A Vegetarian Journey

Submitted by Laurie

Born in Melbourne during the 1950s to a working class family, lamb chops, overcooked cheap cuts of steak, rabbit stew or roast chicken with plenty of boiled vegetables & mashed potatoes were staples. One of my own father’s favourites was dripping (congealed animal fat) slathered on bread. We always shared our lives with dogs and cats, and were encouraged to be compassionate towards our fellow creatures, even though we ate some of them on a daily basis.

In those days vegetarianism was unheard of in our circles and only hippies would be weird enough to forgo the consumption of meat. Surely these creatures were incapable of rational thought, emotions like joy or pain, loss or anguish? Even goldfish were so vapid & devoid of memory, they could happily live all their lives in a small glass bowl. Their actions were purely driven by instinct alone, or so we were led to believe. I have since seen so many instances of play in birds for example, as well as intelligence and emotion in all sorts of higher organisms, that it defies belief that any thinking person could still adopt these outmoded viewpoints.

In my teens I was apprenticed as a commercial cook and spent the next 12 years in this vocation. During this time I butchered, cooked and ate many birds, animals and fish, with barely a thought for what they may have gone through during their lives and just prior to their slaughter.

As the years went by it slowly dawned on me that what I was doing was intrinsically wrong and I became more uncomfortable with the concept of animal husbandry and meat consumption. By the time my daughter was born I had given up eating birds and animals but was still consuming fish and other marine life occasionally. My daughter’s immediate family were leading a vegetarian life style, which influenced my decision to take the next step.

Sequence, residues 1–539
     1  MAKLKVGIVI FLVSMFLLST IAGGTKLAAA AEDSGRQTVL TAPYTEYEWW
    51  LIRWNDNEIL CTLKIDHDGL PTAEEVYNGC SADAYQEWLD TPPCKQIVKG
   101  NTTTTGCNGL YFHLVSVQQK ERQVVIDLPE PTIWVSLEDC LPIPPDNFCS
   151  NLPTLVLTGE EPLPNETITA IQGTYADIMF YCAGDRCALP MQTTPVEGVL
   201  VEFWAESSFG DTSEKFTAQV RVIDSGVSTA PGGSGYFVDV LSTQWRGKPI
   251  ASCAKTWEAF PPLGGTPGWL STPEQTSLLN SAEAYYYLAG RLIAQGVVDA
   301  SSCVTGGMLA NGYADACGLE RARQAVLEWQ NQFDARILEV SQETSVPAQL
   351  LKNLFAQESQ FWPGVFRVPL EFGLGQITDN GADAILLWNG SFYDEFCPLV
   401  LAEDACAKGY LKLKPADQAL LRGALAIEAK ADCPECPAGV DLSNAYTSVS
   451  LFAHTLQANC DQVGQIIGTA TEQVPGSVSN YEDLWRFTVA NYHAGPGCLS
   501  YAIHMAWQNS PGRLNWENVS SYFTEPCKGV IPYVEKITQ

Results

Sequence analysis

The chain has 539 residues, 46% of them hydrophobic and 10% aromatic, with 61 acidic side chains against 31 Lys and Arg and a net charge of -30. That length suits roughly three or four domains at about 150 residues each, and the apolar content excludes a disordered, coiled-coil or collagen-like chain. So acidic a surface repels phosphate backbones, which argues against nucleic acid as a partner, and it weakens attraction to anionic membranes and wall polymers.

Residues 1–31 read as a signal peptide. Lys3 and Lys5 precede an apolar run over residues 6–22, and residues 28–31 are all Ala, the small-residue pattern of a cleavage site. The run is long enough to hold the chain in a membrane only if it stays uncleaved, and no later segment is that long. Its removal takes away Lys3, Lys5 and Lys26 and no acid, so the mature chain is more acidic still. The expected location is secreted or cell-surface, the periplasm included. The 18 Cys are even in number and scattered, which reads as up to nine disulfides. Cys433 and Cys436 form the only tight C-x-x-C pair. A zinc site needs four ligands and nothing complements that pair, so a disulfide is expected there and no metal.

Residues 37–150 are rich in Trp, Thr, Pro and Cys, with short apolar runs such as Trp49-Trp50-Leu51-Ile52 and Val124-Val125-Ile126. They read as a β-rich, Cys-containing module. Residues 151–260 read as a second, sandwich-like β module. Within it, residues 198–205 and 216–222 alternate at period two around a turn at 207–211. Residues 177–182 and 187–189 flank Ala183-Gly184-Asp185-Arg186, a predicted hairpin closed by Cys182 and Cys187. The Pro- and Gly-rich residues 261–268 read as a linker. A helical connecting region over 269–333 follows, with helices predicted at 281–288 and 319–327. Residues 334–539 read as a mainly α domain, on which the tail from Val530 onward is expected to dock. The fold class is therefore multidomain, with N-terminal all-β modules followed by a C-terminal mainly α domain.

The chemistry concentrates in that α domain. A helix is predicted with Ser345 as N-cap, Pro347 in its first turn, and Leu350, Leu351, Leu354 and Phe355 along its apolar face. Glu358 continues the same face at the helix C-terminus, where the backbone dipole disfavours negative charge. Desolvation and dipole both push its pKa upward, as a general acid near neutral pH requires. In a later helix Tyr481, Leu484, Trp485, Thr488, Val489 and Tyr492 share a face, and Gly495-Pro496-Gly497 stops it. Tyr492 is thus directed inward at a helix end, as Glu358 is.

In 1998 I was visiting friends in Victoria, staying on their property in a rural district. One evening we attended a family get together where fish was consumed. That was the last time I ever willingly ate fish again. I had questioned for some time why I avoided eating one higher organism but still chose to eat another. The time had come to stop questioning and to act, especially being aware of the over-harvesting of marine creatures on this planet.

Reading books like “The Pig who sang to the Moon” and “Committed” for example have also helped to reinforce my resolve. For many years I had nightmares dreaming that I was eating meat. I always woke with such relief that it was only a nightmare, as the core feeling was one of overwhelming guilt. It has been some time now since I dreamt those dreams thank goodness.

On a family skiing holiday in New Zealand a few years back we stayed with friends on a dairy farm during the calving season. We were appalled to discover that of the 1250 calves taken from their mothers soon after birth approximately 1000 were trucked off to be slaughtered for pet food at around 3 days of age. Their mothers have been selectively bred to produce more milk than they would normally and their enlarged udders cause a host of other physical problems for them. Similarly some breeds of European beef cattle have very restricted movement after centuries of selective breeding aimed at muscle mass and weight. These are just two examples – there are many more. We have much to answer to.



A conflict that I share with others is the keeping of carnivores, such as dogs and cats as traditional animal companions. These animals are biologically pre-disposed to consume meat. By keeping them in such high numbers we are dooming many other creatures such as horses, cattle, sheep, kangaroos and poultry to often short, exploited lives and/or a sad ending. Some people choose to feed their “pets” a vegetarian diet as well but I’m not convinced that this is fair to them. Perhaps we should give more thought to selecting herbivores or omnivores as our animal companions? What about a pig, goat, duck or turkey?

I cannot call myself vegan yet but have substantially reduced dairy products and eggs in my diet. I have the greatest admiration for vegans, as I do for anyone who either chooses to avoid eating a particular creature or minimise their consumption of higher organisms, dairy foods, eggs or the wearing of leather and other animal products.

Every small step can make a difference.


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